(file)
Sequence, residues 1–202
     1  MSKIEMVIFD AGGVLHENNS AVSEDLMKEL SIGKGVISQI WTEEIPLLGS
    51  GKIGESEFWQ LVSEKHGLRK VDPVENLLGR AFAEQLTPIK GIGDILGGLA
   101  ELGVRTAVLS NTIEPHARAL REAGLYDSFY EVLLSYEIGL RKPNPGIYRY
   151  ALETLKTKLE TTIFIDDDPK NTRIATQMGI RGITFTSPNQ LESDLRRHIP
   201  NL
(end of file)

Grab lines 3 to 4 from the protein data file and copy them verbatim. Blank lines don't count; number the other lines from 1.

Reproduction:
    51  GKIGESEFWQ LVSEKHGLRK VDPVENLLGR AFAEQLTPIK GIGDILGGLA
   101  ELGVRTAVLS NTIEPHARAL REAGLYDSFY EVLLSYEIGL RKPNPGIYRY